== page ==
The dramatic, and often violent, storm clouds known as Cumulonimbus are divided into two species: ‘calvus’, meaning bald, and ‘capillatus’, meaning hairy. The difference, unsurprisingly, is to do with the appearance of the cloud’s summit, which can reach 11 miles (17km) into the sky.
If the head of a thundercloud has only slighly fluffy edges, the Cumulonimbus is defined as the younger, balder calvus species. Once it has developed into a lumbering, mature beast, it will often have grown the ice-crystal locks of the capillatus. These might be in an afro style, like that sported by the handsome Australian specimen, above. Or they might be in one of many other styles, such as the quiff, the thinning-on-top or the just-stepped-out-of-a-salon.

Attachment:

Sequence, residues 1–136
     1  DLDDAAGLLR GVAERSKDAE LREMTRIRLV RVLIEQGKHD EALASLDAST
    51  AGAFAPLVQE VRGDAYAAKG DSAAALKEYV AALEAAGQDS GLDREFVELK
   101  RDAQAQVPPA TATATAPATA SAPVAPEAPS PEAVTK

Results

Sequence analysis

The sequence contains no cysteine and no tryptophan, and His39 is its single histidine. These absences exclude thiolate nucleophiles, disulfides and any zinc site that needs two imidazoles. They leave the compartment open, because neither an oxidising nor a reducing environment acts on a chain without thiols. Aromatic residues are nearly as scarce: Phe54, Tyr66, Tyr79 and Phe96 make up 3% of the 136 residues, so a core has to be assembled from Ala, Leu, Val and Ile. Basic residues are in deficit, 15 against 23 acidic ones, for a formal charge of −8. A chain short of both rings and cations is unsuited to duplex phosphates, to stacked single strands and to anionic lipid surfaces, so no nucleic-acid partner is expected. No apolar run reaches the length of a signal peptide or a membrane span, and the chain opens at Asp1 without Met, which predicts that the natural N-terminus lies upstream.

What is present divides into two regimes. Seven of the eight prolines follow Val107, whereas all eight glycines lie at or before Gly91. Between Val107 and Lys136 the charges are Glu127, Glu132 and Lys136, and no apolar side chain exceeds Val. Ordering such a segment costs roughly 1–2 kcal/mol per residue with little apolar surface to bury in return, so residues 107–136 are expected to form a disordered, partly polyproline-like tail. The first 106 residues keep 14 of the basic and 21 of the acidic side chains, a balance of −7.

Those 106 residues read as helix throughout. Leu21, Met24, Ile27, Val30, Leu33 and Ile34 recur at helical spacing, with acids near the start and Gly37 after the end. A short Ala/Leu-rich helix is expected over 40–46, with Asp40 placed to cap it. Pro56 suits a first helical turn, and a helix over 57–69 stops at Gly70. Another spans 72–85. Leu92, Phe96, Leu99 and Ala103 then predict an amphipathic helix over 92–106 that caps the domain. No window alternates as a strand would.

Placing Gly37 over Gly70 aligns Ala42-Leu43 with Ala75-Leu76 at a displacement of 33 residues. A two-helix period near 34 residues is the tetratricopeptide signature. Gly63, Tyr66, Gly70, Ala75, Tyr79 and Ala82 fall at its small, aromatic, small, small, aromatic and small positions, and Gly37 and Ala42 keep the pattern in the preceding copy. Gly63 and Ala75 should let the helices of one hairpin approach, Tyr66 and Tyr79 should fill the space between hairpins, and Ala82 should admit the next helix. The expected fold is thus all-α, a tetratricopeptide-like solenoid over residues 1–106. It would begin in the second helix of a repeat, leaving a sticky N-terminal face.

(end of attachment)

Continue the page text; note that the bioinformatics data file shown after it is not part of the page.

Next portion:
We’ve heard enough nonsense about the hairy mammoth dying out with the last ice age. In fact, it is terrorising our skies on a regular basis. And the only thing frozen about it is its buffon.